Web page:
QAnon Candidate Marjorie Greene Accuses Runoff Competitor Of Defamation

Marjorie Greene, courtesy Facebook.
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Marjorie Greene, a Republican candidate in Georgia’s 14th district and outspoken supporter of the QAnon conspiracy theory, lawyered up Wednesday to accuse her opponent of defamation. 

Greene is facing John Cowan, a neurosurgeon, in an August 11 runoff. Neither of the candidates cleared 50 percent of the vote in the first round back in June, but Greene came out decidedly ahead. 

Cowan put out an attack ad on Wednesday accusing Greene of aiding illegal immigration by refusing to use E-Verify at her construction company. E-Verify is a website used by the Department of Homeland Security to check the immigration status of potential employees. 

Green’s libel attorney Lin Wood stated in a letter Wednesday that Green’s company, Taylor Commercial, Inc., has been using E-Verify since 2010, before it was mandatory in the state of Georgia. 

“Your efforts to launch a false and scurrilous attack on Ms. Greene and Taylor Commercial, Inc. constitute actionable defamation to my clients,” Wood wrote. “Rather than confine yourself to a robust debate on issues for the benefit of the voters, you crossed the legal line and unlawfully and wrongfully published false accusations against Ms. Greene and Taylor Commercial, Inc.”

Wood demanded that Cowan take down the ads, which have been published on multiple social media platforms, make a public apology and retraction and preserve all documents and communications related to the ad. 

“If you unwisely chose to continue publishing your false accusations against Ms. Greene and Taylor Commercial, Inc., I have been authorized to pursue any and all available legal remedies on my clients’ behalf, including a claim for punitive damages for your intentional lies,” he said. 

In a response, Cowan’s attorney Bryan Tyson said that the letter confirms Cowan’s accusation — that Greene’s company did not start using E-Verify until 2010, though she had been running the company since 2003. 

“Whenever her political opponents tell the truth about Marjorie Greene, she responds with bullying efforts to silence them — even threatening private citizens and campaign volunteers,” Cowan’s campaign manager Spencer Hogg said in a statement. “These are the exact same Cancel Culture tactics used by the Left to attack free speech they don’t like.” 

“Perhaps she would play nicer in the sandbox if our supporters spun conspiracy theories — she tends to like those — rather than tell documented facts,” he added. “John Cowan will tell the truth about Marjorie, just as he’ll stand up to Nancy Pelosi and House Democrats in Congress.”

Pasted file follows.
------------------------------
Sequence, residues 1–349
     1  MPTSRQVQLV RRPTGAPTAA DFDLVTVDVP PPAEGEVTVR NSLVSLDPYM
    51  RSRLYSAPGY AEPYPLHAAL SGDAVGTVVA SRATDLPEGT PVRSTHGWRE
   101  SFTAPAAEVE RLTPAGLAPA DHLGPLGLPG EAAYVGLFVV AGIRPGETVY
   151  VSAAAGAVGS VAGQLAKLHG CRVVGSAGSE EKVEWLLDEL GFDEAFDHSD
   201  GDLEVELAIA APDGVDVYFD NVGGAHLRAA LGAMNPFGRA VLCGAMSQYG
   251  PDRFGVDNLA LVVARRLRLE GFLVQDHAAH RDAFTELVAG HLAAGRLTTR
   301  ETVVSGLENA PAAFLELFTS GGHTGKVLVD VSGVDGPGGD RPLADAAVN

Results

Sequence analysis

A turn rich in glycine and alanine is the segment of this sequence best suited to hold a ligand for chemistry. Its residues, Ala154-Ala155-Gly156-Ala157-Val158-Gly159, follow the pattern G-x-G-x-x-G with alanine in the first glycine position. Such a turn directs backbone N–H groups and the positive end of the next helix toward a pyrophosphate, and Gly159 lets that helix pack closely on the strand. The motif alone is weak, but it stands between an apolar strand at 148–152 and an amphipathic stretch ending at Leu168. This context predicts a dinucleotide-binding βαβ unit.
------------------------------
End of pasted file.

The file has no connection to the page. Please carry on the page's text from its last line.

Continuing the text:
The glossy ad begins with a tidal wave of red, representing the “illegal aliens” flooding into the United States. 

“Millions of illegal aliens cross our borders and take our jobs, aided by people like Marjorie Greene,” the narrator intones. “While leading her construction company, Marjorie Greene refused to participate in the E-Verify program designed to make sure that workers are not illegal aliens.” 

“We can’t trust opportunist politician Marjorie Greene,” the narrator ads, before promising that Cowan will work alongside President Donald Trump to “build the wall and stop illegal immigration.” 

Cowan is trying to resuscitate a campaign that seemed on death’s door after the primary’s first round. When he finished nearly 20 points behind Greene, it seemed likely that she’d clinch the nomination and, almost certainly, the seat itself in the deeply Republican district.  

But since then, some in the GOP establishment have turned against Greene. Made uneasy by past offensive statements and her interest in the most extreme parts of the QAnon conspiracy theory — including that Trump is up against a “global cabal of Satan-worshipping pedophiles” — many cut ties when a slew of Greene’s social media videos were unearthed. In s0me of them, she expressed racist and Islamophobic sentiments. 

“The comments made by Ms. Greene are disgusting and don’t reflect the values of equality and decency that make our country great,” House Minority Whip Steve Scalise said last month. “I will be supporting Dr. Cowan.”

The NRCC added that Chairman Tom Emmer (R-MN) was “personally disgusted” by the sentiments. 

The very public break made some experts think that Republican leadership may be worried about a Steve King redux, so soon after the congressman — who became famous for his extreme beliefs and coziness with white nationalists — lost his primary after becoming a party pariah.

Jeffrey Lewis Lazarus, a political science professor at Georgia State University, told TPM then that the Republican establishment could avoid the embarrassment of a King 2.0 by “endorsing her opponent by name, actively campaigning for him, and investing some money in him.” 

With the runoff on August 11, Republicans have about a month to try to head off Greene’s candidacy, or risk having a new Steve King-shaped albatross around the party’s neck.

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